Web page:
At the end of Nomi’s very loud climax, the camera zooms to show Amanita taking of the strap-on and letting it hit the ground. In the same instant the series cut to a close-up of a rainbow colored dildo where sperm, very explicitly, splashes to all sides as it hits the ground:
By explicitly showing the sperm in this way, the series very clearly states that Nomi is a woman – a real woman. Period. It is even convenient to talk about a form of symbolic castration, where the series disassociate themselves from the idea of the fallos symbol as something belonging to a man (they thereby break with the power that penis normally represent). Choosing a rainbow colored dildo (rather than a more realistic color) is in no way a coincident, since it does not symbolise a penis and in this way, not a man either. With this, the series does not try to reproduce heterosexual sex (simply because of penetration) but a queer (homosexual) relationship that too has a right to penetration sex: the rainbow colored dildo can thereby be seen as an intertextual reference to, and a symbol of, Pride and LGBTQ identities.
The dropping of the rainbow colored dildo on the floor combined with the intertextual reference to Pride are important factors when it comes to introducing, and understanding, Nomi as a person: A woman who is not controlled by her ‘unintelligible’ sexuality or her non binary gender – who is not one to be limited by existing norms.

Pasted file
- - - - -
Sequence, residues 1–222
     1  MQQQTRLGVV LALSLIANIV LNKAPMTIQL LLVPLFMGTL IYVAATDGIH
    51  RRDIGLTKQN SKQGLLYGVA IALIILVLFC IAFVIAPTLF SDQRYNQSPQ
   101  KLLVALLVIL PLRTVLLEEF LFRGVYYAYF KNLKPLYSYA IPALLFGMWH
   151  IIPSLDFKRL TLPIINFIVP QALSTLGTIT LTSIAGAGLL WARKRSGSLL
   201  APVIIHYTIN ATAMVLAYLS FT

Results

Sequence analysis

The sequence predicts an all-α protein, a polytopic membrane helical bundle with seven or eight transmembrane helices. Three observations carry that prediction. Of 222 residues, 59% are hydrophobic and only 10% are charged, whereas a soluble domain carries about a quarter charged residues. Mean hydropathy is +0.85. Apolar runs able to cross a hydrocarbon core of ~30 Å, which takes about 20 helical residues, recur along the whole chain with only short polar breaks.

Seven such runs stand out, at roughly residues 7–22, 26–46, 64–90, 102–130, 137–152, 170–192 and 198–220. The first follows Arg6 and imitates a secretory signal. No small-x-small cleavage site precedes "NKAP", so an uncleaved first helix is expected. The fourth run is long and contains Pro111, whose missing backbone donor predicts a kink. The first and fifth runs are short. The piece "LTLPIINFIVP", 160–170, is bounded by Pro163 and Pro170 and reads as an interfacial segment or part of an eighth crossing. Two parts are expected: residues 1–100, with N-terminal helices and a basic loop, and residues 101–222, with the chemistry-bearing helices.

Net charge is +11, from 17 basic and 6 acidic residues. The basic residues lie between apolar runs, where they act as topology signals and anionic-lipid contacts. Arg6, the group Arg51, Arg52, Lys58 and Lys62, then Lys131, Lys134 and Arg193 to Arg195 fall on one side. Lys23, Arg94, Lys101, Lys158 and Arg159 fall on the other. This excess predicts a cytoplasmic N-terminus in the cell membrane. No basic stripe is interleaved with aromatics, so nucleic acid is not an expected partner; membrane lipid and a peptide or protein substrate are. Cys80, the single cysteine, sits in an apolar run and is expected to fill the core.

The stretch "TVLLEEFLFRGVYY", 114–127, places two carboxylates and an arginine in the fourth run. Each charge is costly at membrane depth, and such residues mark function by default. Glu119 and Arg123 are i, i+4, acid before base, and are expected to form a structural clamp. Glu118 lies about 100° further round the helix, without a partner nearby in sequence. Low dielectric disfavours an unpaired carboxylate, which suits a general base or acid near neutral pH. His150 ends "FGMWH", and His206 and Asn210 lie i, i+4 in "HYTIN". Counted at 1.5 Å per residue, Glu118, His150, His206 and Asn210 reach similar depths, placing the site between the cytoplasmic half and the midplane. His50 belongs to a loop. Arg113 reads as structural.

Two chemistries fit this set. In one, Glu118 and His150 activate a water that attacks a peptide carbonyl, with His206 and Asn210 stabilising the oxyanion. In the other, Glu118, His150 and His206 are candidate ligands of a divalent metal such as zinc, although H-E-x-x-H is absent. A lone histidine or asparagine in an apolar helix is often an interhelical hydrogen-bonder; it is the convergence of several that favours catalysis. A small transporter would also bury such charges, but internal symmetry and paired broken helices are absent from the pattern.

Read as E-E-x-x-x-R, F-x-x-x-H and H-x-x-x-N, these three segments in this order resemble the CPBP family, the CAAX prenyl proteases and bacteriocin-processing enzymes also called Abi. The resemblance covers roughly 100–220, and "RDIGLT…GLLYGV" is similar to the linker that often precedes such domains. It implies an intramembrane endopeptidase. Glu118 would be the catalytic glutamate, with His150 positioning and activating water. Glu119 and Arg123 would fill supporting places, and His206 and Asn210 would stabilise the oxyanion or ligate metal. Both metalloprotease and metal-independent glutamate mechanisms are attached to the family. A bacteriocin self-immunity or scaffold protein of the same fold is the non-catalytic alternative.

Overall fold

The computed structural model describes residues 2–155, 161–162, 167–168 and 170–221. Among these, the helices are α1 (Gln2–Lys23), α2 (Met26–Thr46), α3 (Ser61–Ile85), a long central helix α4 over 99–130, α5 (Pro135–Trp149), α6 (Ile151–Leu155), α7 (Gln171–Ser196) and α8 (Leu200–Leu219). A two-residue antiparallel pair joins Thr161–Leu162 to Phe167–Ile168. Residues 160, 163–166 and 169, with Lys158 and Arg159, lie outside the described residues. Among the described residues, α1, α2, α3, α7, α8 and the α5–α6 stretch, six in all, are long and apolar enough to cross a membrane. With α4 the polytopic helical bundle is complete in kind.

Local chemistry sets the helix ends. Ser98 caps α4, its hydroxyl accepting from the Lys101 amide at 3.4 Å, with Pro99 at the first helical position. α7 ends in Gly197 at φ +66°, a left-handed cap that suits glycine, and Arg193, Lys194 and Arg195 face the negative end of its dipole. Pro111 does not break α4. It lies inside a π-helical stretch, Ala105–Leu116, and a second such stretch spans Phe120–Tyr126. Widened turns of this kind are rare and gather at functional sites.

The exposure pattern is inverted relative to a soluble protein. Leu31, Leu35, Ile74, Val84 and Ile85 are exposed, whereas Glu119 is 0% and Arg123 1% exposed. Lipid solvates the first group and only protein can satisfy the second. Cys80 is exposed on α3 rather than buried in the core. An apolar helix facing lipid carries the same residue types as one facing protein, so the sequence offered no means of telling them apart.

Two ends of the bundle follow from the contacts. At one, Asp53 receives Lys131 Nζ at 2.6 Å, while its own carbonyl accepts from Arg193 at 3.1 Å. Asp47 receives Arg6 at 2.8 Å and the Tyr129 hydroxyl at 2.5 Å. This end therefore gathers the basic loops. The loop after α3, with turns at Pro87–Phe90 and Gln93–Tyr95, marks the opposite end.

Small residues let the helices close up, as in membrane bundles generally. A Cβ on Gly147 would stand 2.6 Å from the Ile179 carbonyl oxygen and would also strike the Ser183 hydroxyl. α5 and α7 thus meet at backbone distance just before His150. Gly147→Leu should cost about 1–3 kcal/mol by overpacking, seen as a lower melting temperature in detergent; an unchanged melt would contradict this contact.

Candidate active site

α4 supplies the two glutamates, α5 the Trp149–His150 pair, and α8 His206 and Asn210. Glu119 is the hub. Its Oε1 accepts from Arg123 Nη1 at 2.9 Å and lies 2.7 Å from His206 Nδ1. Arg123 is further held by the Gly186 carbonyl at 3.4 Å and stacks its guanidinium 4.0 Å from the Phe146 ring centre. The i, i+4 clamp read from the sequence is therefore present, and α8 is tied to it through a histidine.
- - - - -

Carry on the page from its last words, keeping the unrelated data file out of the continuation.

Everything that could connect Nomi to the male gender (the rainbow colored strap on as a symbol of fallos) is literally thrown to the ground with a bang. This can be seen a part of the series symbolic ‘fuck you’ to the heterosexual matrix as well as biological gender as being destiny.
The sex scene between Nomi and Amanita is uncompromising and has no intention of sparring the viewer. The use of unaccustomed, potentially transgressive elements such as a strap on dildo is definitely part of challenging the viewer’s heteronormative conceptual universe, which is exactly the intention of the series. The abovementioned scene is just one of many in which Sense8 portrays a ‘Butler approach’ when it comes to gender representation as well as sexuality. Heterosexuality as being the ‘natural’ and the biological ‘woman’ as being the only ‘right’ woman is simply non existing in Sense8’s universe. Instead, they encourage the viewers to throw away their existing (ignorant) ideas on sexuality, gender, and relationship.
Mittell, Jason (2015): Complex TV: The Poetics of Contemporary Television Storytelling. New York University Press. ISBN: 978-0-8147-7135-8
Householder, April Kalogeropopulos & Trier-Bieniek, Adrienne (2016): Feminist Perspectives on Orange Is the New Black: Thirteen Critical Essays. McFarland & Company Inc. Publishers. ISBN: 978-1-4766-6392-0
Straczynski, J. Michael, Wachowski, Lana & Wachowski, Lilly (2015-): Sense8. Netflix: Limbic Resonance